COP25: “Do not call it Climate Change, call it Climate Emergency” – says Kisamba Mugerwa


Representing Uganda in Madrid - Spain: Kisamba Mugerwa Wilberforce. Courtesy photo.

Madrid, Spain The United Nations Climate Change Conference COP 25 is ongoing in Madrid, Spain. It started from 2nd December, 2019 and will end on 13th December 2019.

With over 200 countries and thousands of delegates attending the global summit, during the first week, activists were left frustrated by the lack of urgency inside negotiating rooms.

Earlier in the week, a report on the world’s “carbon budget” revealed how far-flung the world is from meeting the goals of the Paris Climate Agreement.

Experts say greenhouse gas emissions rose by 0.6% last year – less than in recent years, but not enough to turn the corner.

Speaking in Madrid, Johan Rockström, the joint director of the Potsdam Institute for Climate Impact Research [PICIR] said: “We must turn the curve from increasing carbon to falling emissions in the next year.”

Akin to Johan’s suggestion, Uganda’s Kisamba Mugerwa who’s one of the country’s delegates attending the summit, wants the name changed from Climate Change to Climate Emergency.

Mr Kisamba is an agricultural economist and the current Chairman of the Uganda Microfinance Support Center, a government-owned company established in 2001.

“What is emerging from Madrid is that now funds for Climate Change are committed but we need to enhance the implementation through submitting bankable projects. This calls for capacity building in our respective national institutions first to harmonise the pertinent policies, secondly to undertake in-depth analysis of the climate change issues and generate bankable projects. Funds so far received are just for facilitating this process. Things are increasingly becoming digital that even what is available internationally we need a well facilitated institution to handle them,” he said.

“Do not call it Climate Change, call it Climate Emergency,” Mr Mugerwa added.

Ahead of the Madrid Summit, numerous world leaders and climate change activists had clear feelings about the “Climate Emergency”.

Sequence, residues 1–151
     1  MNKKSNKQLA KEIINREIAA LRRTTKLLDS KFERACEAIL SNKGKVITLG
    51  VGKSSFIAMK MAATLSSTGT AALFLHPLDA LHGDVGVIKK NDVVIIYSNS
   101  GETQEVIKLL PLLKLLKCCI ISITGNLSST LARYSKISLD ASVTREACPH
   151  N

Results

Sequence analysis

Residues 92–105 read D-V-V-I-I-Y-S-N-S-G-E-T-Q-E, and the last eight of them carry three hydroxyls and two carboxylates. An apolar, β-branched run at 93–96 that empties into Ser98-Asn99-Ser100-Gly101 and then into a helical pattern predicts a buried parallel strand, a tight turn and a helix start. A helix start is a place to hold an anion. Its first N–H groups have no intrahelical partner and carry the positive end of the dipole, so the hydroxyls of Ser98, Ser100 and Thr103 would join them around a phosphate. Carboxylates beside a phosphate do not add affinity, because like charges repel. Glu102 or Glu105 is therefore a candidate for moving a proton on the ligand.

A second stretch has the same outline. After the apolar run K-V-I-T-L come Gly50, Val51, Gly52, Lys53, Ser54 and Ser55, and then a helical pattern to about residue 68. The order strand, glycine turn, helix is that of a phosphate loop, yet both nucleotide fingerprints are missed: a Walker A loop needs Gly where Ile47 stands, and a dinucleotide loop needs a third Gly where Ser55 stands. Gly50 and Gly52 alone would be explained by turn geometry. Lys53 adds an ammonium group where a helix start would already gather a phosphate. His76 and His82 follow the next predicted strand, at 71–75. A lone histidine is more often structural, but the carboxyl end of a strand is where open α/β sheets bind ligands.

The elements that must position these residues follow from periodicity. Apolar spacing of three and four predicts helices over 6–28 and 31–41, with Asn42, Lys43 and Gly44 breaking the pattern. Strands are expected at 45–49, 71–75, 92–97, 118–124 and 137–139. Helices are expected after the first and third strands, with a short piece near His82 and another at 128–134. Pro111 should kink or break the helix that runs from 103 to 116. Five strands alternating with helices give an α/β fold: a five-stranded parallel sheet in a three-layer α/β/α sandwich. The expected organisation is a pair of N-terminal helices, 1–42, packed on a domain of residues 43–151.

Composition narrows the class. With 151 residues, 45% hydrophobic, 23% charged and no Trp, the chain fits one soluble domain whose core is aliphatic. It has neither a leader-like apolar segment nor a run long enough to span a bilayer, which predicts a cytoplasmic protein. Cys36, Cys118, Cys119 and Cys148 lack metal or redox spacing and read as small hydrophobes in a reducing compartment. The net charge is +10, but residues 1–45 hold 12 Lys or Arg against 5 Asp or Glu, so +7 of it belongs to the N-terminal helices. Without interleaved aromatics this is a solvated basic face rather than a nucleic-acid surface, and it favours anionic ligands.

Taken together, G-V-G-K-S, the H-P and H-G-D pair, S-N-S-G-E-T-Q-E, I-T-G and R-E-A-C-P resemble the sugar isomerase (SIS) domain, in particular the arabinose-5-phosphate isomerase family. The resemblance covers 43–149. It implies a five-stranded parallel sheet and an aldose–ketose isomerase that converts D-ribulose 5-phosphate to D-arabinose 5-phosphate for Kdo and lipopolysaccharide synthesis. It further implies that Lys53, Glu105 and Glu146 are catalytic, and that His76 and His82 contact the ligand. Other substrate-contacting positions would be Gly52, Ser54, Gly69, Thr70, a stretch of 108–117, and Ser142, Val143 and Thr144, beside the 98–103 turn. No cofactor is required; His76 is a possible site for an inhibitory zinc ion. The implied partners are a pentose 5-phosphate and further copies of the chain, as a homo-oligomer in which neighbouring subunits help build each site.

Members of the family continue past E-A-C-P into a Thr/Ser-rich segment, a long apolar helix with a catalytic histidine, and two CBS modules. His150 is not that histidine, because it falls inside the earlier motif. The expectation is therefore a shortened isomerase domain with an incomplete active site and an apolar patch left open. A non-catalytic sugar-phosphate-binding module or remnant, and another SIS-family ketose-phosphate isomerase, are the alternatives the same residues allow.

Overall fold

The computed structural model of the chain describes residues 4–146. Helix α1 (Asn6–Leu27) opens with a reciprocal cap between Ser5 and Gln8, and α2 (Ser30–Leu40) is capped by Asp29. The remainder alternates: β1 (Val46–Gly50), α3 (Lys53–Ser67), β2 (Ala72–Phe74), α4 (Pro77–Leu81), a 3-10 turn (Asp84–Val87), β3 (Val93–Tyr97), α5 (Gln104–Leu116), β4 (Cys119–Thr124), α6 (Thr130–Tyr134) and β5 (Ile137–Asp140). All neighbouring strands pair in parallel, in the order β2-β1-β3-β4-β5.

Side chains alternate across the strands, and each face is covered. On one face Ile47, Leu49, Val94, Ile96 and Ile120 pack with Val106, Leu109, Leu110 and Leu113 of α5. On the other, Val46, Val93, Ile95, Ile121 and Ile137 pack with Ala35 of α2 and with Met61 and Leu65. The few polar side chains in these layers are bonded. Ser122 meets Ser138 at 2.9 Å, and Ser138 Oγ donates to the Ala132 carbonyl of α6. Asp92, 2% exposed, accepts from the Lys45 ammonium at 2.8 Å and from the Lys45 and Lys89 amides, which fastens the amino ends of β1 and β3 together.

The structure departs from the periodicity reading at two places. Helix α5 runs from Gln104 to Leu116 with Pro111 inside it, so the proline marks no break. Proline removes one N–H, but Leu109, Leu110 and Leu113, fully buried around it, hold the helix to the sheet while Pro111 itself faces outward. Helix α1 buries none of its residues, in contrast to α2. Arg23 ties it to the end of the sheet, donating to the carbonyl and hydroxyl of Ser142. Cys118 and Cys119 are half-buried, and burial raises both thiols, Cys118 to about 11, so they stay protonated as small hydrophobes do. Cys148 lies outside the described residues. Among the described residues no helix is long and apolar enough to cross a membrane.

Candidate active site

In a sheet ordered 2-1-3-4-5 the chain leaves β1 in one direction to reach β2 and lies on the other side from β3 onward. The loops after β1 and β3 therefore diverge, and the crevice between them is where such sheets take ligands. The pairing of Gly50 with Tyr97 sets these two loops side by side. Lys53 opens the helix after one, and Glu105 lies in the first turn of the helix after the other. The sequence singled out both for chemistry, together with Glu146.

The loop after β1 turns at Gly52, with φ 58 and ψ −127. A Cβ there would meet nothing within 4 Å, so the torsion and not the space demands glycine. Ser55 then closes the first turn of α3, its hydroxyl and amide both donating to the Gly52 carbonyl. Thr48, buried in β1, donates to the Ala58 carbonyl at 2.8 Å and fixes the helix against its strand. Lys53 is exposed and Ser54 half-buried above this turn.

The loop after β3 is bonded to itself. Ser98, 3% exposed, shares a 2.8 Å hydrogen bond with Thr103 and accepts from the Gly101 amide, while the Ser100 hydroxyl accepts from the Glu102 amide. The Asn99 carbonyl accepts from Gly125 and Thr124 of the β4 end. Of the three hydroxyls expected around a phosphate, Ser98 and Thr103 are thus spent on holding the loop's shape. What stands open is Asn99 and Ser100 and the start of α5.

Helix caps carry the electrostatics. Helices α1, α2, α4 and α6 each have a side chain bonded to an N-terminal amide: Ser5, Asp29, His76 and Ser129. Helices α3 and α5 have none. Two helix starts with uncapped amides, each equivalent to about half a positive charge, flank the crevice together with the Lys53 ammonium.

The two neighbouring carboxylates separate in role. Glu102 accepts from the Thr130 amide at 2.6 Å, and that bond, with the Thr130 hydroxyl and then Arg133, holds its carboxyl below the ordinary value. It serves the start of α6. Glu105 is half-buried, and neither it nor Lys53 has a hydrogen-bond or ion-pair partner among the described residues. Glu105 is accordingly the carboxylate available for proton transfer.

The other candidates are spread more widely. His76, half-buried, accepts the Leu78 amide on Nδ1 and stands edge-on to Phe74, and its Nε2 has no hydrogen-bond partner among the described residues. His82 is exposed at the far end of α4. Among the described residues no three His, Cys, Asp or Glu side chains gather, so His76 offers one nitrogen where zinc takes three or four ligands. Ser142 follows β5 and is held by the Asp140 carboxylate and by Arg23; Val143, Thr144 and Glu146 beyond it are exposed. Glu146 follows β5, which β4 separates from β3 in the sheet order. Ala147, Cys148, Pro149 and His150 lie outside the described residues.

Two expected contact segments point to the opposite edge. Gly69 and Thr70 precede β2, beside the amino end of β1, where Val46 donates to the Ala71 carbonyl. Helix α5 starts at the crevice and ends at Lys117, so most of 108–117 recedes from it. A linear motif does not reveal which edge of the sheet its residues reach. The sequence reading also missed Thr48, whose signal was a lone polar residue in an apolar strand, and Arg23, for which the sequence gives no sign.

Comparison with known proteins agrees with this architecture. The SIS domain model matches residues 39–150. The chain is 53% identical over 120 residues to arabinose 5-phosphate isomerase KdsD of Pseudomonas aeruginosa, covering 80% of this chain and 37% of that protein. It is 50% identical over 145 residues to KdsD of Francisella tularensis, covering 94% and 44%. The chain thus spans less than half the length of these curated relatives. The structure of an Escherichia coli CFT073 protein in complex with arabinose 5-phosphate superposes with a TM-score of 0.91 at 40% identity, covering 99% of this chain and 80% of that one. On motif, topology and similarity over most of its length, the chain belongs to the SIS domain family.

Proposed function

“We no longer live in an era with the luxury to consider one isolated region separate from the whole. What happens in the Arctic affects us all. We must safeguard the Arctic Ocean and its rich biodiversity, before it is too late. Protecting the fragile Arctic ecosystem keeps our entire planet cool, and our weather patterns and global crop growth in balance. This must be an urgent priority for everyone on Earth,” Vandana Ryder Parvati, award-winning musician, yogini, activist and author; founder of Parvati.org says.

“Nothing short of the future of mankind is at stake if we do not immediately pivot to a green economy. With severe climate change impacts on our doorstep, the last thing we should be doing is opening up what little pristine Nature we have left to old economy activity. MAPS, the Marine Arctic Peace Sanctuary, is the only sane choice for the critically vulnerable Arctic ecosystem, for the sake of our seas, our atmosphere and all life,” Yvo de Boer, Former Executive Secretary of the United Nations Framework Convention on Climate Change, also added his voice.

In her press statement to TND News last week, activist Vandana said parvati.org was hopeful world leaders would sign MAPS Treaty

“The MAPS Treaty transforms the entire Arctic Ocean into the Earth’s largest preservation area, stopping all activities harmful to the Arctic sea ice, our global air conditioner. The ice cap reflects the sun’s heat away from the planet and ensures everyone has the food and water needed to survive,” she said.

“But it’s melting fast. Global mega powers seek to profit off its thaw, putting life everywhere at risk with the devastating effects of ravaging storms and rising food and water insecurity. This is an under-reported emergency worldwide,” Vandana further says.


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